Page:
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Old 01-04-2008, 07:58 PM   #65
Professor_Hefflin
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Join Date: Jul 2007
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Misunderstandings about Douglas Legg disappearance.

I am going to address a few inaccuracies concerning the disappearance of Doug Legg.

First of all, his Uncle was not the last to see him. Originally the Syracuse Post Standard reported that Myron Melvin Jr. had been the last to see him. But when the rescue team from California came in, they reinterviewed all the family members. At this time, they realized that two of his cousins had been the last to see him, on the North Shore lumber road. This can be found in the Syracuse Post Standard perhaps around day 10 of the search.

The Camp Santanoni Property is a bit of a contradiction. Most of the 13000 acres were close to some sort of lumber tote road, as most of the property had been lumbered between 1895 and 1971. But the hurricane in the late 1950's had caused much blow down, and in turn, a tremendous growth in the undergrowth. So, the military group that helped out with the search remarked that the brush was denser than Vietnam.

The lumber roads and older roads extend into the Cold River Valley, hence why there are theories that he wandered to there. Of a side note is that there is a belief that this road system was once part of the Underground Railroad system. Think John Brown's farm, less than 20 rugged miles away.

As for Deer Island, the big island in Newcomb Lake where the remains may have been found....this is usually a peninsula. If you walk the North Shore tote road, the land connection is very visible. In heavy rain it's an Island.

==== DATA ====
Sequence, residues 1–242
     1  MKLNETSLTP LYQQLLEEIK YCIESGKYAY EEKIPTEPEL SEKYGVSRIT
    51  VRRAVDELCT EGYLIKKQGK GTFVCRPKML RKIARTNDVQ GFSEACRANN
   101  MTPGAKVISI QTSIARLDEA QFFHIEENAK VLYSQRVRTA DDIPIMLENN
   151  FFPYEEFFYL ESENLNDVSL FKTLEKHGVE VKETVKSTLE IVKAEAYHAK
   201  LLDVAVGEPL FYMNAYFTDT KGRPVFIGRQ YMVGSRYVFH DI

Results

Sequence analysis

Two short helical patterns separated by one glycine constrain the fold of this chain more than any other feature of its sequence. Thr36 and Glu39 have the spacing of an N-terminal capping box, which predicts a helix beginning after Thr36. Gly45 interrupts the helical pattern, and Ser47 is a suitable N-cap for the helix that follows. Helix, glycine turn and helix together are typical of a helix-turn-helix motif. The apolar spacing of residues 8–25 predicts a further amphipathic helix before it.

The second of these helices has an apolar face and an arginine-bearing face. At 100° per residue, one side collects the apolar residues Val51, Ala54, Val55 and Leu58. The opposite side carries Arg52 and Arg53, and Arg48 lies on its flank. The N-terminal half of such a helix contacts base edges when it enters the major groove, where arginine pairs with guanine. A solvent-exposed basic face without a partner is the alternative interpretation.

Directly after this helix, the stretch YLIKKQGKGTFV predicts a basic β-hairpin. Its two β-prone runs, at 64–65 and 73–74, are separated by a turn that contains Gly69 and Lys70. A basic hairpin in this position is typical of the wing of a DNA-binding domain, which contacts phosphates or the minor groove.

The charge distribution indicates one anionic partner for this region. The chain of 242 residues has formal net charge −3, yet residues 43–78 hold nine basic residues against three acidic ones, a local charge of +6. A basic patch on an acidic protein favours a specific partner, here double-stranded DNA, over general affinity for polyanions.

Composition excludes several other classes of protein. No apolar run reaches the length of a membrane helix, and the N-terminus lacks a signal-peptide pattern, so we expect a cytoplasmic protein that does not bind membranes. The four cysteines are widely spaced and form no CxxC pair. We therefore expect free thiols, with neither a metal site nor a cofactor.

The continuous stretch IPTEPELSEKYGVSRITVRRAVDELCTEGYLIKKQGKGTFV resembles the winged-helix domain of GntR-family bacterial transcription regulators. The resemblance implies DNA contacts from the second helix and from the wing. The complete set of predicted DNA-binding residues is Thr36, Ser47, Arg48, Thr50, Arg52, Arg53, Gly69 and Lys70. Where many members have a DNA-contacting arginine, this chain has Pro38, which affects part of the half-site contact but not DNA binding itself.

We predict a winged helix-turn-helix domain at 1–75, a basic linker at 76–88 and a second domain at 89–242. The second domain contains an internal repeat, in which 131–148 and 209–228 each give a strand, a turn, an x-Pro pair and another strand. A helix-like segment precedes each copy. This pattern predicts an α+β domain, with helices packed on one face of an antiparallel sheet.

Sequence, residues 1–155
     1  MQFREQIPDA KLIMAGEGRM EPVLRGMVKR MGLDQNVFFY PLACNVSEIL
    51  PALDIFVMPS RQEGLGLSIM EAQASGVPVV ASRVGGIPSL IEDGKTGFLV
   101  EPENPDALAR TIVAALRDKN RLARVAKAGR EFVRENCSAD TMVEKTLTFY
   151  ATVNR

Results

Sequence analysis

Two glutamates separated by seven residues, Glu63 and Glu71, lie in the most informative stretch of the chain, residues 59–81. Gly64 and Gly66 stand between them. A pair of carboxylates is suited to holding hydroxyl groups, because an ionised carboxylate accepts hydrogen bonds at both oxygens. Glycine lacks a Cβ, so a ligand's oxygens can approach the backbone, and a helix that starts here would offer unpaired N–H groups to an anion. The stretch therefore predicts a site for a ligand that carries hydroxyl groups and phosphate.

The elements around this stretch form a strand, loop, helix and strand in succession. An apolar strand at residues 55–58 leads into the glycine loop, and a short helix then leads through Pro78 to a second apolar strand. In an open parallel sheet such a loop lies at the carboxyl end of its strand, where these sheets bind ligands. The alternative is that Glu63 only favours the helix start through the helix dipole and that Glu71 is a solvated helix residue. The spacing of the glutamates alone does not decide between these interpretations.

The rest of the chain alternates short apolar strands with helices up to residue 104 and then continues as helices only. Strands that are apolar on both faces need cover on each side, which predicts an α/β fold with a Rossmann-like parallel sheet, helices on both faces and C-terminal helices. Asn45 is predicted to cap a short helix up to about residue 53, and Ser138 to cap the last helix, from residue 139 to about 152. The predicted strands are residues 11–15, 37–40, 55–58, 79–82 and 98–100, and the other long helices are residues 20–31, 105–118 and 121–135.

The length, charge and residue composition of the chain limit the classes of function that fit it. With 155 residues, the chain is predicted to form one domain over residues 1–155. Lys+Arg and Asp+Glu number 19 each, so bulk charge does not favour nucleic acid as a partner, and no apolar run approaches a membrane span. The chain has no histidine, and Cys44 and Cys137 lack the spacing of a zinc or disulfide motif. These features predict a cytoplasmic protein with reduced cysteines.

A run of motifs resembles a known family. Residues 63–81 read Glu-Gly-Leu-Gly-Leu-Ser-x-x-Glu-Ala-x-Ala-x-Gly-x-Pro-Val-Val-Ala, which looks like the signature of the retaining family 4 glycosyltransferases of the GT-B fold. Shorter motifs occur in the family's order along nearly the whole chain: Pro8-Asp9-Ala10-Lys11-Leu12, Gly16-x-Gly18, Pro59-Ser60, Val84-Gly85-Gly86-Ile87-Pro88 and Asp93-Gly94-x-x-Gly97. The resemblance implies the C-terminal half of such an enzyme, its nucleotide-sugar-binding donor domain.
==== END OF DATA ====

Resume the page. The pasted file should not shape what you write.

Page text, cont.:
If Douglas died there, then the searchers who looked on the Island (I believe most days it was searched), not only missed his remains, but the smell his decaying body as well. That does not make sense to me.

The Post Standard does discuss an event I consider ominous. Three days into the search, a search team believed they had found Douglas' footprints by Black Pond, in the hills just north of Newcomb Lake. They were on what they believed to be a clear track when there was a cloud burst, and they lost it. And there were also a lot of very cold nights at this time, with the temperatures falling to below freezing in mid July.

That spells out Douglas' fate pretty tragically. It does leave room for some pretty wild theories. But again, the reason for these theories come from the fact that one moment you're bushwacking through impossibly thick woods, and the next you stumble across an old road that someone knows well.

Quote:
Originally Posted by Gray Ghost View Post
Thanks for the info. Mavs. This story is a real haunter. Also, interesting info. on the lost hiker. There has gotta be a record out there of deaths and (still) unexplained disappearances in the Adirondacks. If anyone has any idea if and where a source like this exists, let me know. I think it is more than worth a hiker's time to read up on tragedies like this. It really makes one realize what they risk when traversing dangerous terrain.

As far as Douglas Legg, a couple of guys I have talked to who helped in the search are convinced it was foul play by a family member, but they never had the proof to pin it on the individual. Now that is totally hearsay, but that's what i've been told.
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